Headline January 07, 2018/ '' ' SECURITY CYBER STUDENTS ' ''


THINKING Like Criminals : It's not a coincidence that someone good at cybercrime would also be good at cybersecurity.

After all, many cybersecurity jobs involve trying to think like a criminal to test security of a software program, computer network or hardware devices.

Many of students go on to work for red-teaming or penetration testing firms, where they try probe and attack computer systems from the outside to identify potential vulnerabilities.

Some of these skills can be taught in the classroom through checklists of where to look for possible weaknesses and tools that can be used to help conduct those assessments.

But the most effective teams like the most effective attackers, find vulnerabilities that no one has ever thought of before - much less included on a course syllabus.

The security technologist Bruce Schneier wrote an essay a decade ago about what he called the ''the security mind-set,'' or the ability to instinctively identify ways of subverting or compromising systems by using them in unexpected ways.

''It's far easier to teach someone domain expertise - cryptography or software security or safe-cracking or document forgery - than it is to teach someone a security mindset,'' he wrote.

Almost by definition, college class room settings and the students who thrive in them are not a natural fit for the kinds of disruptive, rebellious and troublemaking instincts that lend themselves to finding new ways to compromise computers.

It can be hard to reward those skills - much less teach them - in a college course where there are supposed to be clear expectations and learning objectives, well-defined grading rubrics and set schedules.

There are efforts to try to introduce these skills to the classroom, but they are few and far between.

For example, the security researchers Gregory Conti and James Caroland published an article on what they called ''Kobayashi Maru'' assignments, named for a ''Star Trek'' training exercise, designed to force students to figure out creative ways to cheat.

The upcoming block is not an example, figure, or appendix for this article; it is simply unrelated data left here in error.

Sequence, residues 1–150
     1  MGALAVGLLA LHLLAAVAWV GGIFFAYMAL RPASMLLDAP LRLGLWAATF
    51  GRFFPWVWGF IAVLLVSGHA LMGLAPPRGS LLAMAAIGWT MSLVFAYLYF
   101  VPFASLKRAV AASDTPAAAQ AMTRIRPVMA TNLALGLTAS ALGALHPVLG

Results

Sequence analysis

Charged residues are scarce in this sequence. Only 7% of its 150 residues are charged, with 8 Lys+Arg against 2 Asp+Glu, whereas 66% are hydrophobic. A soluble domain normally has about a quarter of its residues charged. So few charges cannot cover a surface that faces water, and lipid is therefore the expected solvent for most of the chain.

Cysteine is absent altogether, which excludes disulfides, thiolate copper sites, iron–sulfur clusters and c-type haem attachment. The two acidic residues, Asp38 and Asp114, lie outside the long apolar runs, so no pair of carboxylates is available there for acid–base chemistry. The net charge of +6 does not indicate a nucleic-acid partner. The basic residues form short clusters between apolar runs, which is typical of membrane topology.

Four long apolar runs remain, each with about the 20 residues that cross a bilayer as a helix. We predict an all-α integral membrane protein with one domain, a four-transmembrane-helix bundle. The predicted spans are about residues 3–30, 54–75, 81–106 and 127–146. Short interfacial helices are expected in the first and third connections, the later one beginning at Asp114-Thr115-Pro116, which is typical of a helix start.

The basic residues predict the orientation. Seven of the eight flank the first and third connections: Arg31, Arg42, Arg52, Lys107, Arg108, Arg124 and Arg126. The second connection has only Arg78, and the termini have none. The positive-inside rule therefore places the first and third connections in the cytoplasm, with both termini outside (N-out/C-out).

The example they used in their own class was an exam which students were required to write down the first 100 digits of pi with very little notice.

The students were expected [and encouraged] to cheat on the test but told that if they were caught, they would fail the exam.

Of the 20 students in the class where this exercise was tested all succeeded in cheating without being caught, much to their professors' delight.

There is plenty of useful and important material being taught in cybersecurity classes besides how to cheat, from programming and networks to cryptography, and my own area of economics and policy.

But the students who graduate from our degree program in security often report that they got more out of their extracurricular security clubs and competitions than their coursework.

This may not necessarily be bad, or even unique in cybersecurity [don't get me started on the topic how much I learned writing for my college newspaper], but it does suggest that we we race forward trying to train million more people in cybersecurity to fill all the looming vacant jobs, there maybe real gaps in the skills we know how to teach.

We should think carefully about the skills we need, about the rules and principles that we we know how to teach and also about how to encourage students to break those rules and find ways around those principles.

With respectful dedication to the Students, Professors and Teachers of the world.

See Ya all prepare for Great Global Elections and ''register'' on : wssciw.blogspot.com - The World Students Society for every subject in the world and Twitter - E-!WOW! - the Ecosystem 2011:

''' Cyber Meme '''

Good Night and God Bless

SAM Daily Times - the Voice of the Voiceless


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